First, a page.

Change is a natural byproduct of a new political administration. Every time a new president takes office, the financial services industry prepares for these inevitable changes. In most cases, the changes occur at the government’s typical slow pace, and lenders and servicers have plenty of time to prepare. But something about the current administration had many believing that things would be different this time.
Part of that is due to the fact that President Donald Trump has fundamentally changed the way his office communicates with the American public. President Obama introduced social media to the White House and did an admirable job of maintaining open lines of communication with his constituents. President Trump has also embraced social media, particularly Twitter.
From the earliest days of his campaign, President Trump tweeted out his intentions to create massive change in federal government, especially as it pertains to regulatory oversight.
Naturally, many felt certain that rapid change would be the agenda for the president’s first 100 days. They were not disappointed when the President and his staff immediately turned their attention to the Affordable Care Act (ACA).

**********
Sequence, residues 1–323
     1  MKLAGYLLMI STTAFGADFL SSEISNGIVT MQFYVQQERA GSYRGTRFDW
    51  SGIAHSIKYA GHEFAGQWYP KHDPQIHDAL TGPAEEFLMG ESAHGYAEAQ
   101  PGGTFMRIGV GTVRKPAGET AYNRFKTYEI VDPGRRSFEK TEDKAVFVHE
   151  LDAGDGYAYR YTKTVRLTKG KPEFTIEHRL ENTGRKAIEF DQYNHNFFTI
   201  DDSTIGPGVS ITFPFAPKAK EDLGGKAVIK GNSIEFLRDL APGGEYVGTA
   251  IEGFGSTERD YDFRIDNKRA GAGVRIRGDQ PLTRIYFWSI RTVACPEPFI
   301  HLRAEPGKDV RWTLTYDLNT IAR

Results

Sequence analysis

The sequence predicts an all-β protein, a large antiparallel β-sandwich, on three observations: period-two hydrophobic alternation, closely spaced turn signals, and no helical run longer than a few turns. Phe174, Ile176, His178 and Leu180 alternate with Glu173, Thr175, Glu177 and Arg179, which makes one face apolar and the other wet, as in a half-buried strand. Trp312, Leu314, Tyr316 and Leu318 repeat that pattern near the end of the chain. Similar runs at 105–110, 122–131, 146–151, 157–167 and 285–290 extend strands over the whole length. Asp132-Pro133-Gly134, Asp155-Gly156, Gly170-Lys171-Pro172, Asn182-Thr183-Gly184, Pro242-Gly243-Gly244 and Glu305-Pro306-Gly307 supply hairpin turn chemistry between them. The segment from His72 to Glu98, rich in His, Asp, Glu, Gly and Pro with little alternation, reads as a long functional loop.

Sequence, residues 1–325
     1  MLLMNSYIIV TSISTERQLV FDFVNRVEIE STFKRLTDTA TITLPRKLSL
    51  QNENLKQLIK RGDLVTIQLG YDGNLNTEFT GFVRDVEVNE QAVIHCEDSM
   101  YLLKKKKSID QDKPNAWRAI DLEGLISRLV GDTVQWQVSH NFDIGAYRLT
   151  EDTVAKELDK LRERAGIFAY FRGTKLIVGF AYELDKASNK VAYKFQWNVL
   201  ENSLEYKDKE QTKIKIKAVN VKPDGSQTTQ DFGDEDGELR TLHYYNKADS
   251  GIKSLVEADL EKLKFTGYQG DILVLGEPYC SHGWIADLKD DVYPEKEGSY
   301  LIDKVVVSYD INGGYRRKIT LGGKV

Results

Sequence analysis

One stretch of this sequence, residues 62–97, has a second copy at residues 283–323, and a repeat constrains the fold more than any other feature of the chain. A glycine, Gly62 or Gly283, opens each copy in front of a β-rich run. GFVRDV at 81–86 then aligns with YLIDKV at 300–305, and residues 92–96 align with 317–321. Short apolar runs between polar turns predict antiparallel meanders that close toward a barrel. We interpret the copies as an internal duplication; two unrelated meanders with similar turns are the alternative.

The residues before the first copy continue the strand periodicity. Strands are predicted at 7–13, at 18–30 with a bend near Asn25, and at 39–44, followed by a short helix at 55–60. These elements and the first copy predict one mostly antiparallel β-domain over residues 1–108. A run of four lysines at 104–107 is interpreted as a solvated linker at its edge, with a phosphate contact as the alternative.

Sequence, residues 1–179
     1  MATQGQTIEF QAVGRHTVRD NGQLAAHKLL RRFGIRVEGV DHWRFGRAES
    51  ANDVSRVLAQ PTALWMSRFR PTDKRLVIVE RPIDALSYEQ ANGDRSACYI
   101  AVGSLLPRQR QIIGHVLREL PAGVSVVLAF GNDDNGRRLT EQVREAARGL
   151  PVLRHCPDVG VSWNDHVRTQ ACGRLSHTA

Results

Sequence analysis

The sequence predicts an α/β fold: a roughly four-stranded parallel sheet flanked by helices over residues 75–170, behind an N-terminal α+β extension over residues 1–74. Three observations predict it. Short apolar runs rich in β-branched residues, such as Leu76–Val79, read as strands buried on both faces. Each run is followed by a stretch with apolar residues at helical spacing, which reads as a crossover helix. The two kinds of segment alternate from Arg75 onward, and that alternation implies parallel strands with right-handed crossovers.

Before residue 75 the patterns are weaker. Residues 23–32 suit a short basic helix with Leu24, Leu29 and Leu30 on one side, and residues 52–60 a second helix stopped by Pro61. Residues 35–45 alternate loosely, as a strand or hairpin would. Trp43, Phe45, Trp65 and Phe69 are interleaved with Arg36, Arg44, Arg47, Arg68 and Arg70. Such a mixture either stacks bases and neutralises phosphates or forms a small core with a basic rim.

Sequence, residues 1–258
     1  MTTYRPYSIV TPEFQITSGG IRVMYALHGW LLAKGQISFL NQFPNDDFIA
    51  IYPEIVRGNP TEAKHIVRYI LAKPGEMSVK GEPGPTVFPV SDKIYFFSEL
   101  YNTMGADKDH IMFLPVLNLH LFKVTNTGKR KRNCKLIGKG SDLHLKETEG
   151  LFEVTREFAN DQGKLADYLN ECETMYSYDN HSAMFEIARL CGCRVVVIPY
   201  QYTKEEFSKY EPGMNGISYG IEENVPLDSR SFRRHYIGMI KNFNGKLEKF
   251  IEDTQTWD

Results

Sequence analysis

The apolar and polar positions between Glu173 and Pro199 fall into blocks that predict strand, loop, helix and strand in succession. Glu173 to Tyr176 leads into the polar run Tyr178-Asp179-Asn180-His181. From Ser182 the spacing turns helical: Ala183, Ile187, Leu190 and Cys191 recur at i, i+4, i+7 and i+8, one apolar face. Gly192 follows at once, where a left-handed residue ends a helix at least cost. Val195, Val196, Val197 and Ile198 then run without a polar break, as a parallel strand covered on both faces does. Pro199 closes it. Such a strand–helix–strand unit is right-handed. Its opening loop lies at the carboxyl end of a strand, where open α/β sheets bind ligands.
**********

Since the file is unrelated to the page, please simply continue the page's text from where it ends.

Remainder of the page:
Unexpected roadblocks to change
Despite the fact that the Republican Party holds a majority in both houses of Congress, progress on reducing governmental regulatory oversight has been slower than many expected.
When ACA, also known as ObamaCare, came up for modification, the wheels of change ground completely to a halt. After news broke that the bill Republicans had drafted to overturn ACA would leave 24 million Americans without insurance, many Republicans withdrew their support and the effort died.
It’s not clear what the administration’s next step will be. At the end of March, House Republican whip Steve Scalise, R-La., told the New York Times, “Their celebration is premature. I think we’re closer today to repealing Obamacare than we’ve ever been before.”
If changing ACA has been difficult, many worry now that repealing Dodd-Frank will be even more so, yet that seems exactly what the president expects to do. In mid-April, just a few weeks ago, President Trump told a group of CEOs that a full repeal was possible.
“You can take a look at Dodd-Frank. For the bankers in the room, they'll be very happy because we're really doing a major streamlining and, perhaps, elimination, and replacing it with something else,” Trump said.
Presumably, this would mean the end of the Consumer Financial Protection Bureau, the bureau established by Dodd-Frank to create and enforce the new regulations.
Former Massachusetts Representative Barney Frank, one of the authors of Dodd-Frank, has already come out against the dismantling of what has become his legacy legislation. Frank told a New York radio audience in April that shutting down the CFPB would be “very unpopular.” He said that the bureau had already saved consumers money and suggested that if the Republican-controlled Congress shut it down consumers would not appreciate it.
The only plan for the financial services industry